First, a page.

Tuesday, October 21, 2008

More, please!

I have spent a great deal of time, at great benefit to myself, engaging autistic adults since my oldest son was diagnosed with autism in 2004.
Aside from simply enjoying the exchanges, and from learning copious amounts about what living with autism may be like from an experiential standpoint, I have perpetually searched for meaningful things that could, hopefully, cause me to become a better parent to my son by their knowing.
Firm conclusions that are somehow specific to autism have been elusive. In fact, and as a polar opposite to the Jenny McCarthys of the world, I have found that parental approaches effective for autistic children are remarkably similar to parental approaches for neurotypical children. Be patient. Be kind. Teach in a way that is effective. Sublimate your own needs for the needs of your child. Form a supportive community. Roll with the proverbial punches. Be prepared to lose a little sleep. Maximize the fun moments, but know when to calm things down. Expect yourself and your child to be disappointed and frustrated sometimes. The list goes on, and is certainly familiar to anyone who has done their best to raise a child.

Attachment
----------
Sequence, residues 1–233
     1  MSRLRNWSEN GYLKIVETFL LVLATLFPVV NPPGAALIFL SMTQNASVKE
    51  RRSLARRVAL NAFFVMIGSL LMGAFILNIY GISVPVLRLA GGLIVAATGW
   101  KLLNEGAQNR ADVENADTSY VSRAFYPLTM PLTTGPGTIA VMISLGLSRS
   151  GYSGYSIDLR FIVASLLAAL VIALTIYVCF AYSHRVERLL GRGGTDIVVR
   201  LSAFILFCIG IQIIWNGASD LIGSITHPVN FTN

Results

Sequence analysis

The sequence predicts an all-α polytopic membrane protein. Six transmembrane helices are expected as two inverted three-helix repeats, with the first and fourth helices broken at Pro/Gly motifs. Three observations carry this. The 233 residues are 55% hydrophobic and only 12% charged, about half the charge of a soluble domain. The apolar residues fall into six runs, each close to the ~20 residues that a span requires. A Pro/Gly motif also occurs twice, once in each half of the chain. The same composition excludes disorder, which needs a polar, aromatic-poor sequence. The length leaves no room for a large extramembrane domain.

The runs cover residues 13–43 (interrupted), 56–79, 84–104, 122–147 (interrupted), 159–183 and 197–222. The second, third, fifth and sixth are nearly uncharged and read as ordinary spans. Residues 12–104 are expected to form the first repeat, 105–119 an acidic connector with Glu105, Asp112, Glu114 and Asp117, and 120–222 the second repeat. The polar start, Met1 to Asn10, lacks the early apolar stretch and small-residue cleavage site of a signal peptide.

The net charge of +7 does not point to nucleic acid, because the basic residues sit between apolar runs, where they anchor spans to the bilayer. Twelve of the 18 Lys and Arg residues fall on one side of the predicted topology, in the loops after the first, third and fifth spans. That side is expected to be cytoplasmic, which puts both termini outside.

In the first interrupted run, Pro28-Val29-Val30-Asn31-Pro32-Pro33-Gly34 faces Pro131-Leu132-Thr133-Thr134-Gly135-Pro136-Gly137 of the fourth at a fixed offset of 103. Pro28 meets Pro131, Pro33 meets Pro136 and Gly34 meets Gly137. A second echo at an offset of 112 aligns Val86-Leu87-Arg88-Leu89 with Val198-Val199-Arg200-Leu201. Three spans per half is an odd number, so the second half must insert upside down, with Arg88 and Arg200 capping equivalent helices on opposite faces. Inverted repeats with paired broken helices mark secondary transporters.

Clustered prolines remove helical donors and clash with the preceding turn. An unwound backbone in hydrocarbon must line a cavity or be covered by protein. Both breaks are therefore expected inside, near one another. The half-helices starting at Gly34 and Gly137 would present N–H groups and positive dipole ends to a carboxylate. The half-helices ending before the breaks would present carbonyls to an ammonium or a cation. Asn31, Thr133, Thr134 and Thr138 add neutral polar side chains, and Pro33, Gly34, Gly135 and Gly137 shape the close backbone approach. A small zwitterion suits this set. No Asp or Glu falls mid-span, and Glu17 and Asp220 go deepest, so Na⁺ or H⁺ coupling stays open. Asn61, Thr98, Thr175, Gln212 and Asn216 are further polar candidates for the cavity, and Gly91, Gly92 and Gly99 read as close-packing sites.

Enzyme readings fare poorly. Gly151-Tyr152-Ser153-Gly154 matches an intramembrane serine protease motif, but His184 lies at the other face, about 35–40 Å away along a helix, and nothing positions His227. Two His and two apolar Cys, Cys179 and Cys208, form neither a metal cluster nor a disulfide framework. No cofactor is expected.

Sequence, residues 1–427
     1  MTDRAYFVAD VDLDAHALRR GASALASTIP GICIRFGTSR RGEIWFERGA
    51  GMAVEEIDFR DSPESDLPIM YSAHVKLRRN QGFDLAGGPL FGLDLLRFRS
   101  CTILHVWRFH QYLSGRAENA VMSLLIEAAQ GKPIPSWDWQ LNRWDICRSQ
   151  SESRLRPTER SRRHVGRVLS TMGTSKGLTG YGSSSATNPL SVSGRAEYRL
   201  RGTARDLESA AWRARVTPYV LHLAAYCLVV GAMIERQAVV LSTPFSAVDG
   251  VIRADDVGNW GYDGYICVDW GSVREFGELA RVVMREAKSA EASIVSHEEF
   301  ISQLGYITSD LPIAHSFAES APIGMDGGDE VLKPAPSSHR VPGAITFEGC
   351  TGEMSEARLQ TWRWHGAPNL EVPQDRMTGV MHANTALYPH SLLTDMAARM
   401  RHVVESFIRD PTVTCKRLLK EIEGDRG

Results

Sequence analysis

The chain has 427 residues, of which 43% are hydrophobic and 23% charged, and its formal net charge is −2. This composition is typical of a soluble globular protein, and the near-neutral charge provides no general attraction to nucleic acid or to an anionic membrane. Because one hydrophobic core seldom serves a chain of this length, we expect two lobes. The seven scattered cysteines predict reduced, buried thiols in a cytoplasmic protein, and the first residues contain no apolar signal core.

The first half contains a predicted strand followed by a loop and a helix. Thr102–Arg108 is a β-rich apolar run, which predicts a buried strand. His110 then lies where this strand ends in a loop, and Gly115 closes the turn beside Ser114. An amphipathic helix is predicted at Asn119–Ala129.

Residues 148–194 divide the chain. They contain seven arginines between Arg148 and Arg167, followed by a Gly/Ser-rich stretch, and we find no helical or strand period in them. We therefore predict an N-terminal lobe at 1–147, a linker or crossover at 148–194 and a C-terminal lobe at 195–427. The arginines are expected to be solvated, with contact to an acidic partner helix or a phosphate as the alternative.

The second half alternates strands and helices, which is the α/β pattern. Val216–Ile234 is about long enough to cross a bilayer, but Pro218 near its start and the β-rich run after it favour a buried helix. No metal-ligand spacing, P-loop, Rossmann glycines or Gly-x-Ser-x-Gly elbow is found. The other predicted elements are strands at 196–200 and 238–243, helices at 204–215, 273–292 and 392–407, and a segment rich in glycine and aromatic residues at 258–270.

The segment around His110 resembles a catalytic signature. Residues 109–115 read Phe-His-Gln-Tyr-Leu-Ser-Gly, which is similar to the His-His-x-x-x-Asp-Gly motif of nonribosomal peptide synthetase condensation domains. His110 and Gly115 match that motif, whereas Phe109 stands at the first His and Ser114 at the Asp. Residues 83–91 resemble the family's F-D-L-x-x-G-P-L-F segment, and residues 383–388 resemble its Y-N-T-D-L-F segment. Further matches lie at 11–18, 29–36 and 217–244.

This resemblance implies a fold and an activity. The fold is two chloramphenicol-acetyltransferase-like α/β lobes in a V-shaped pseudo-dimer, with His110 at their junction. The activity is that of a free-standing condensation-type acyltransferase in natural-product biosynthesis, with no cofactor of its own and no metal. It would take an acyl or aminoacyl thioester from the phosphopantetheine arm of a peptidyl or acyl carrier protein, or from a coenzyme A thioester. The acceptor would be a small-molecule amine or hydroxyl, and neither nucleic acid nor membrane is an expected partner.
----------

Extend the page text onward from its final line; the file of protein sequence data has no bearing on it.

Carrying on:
But ... there is one thing that seems to be incredibly impactful in improving the quality of life for the autistic child/person. This thing is debated from a tremendous number of angles, but in the endgame most folks agree upon its importance. This thing is communication. If I could wish one thing for all autistic people, including my own two sons who are on the spectrum, it is that they find satisfying ways to communicate that expand the boundaries of their interpersonal environments.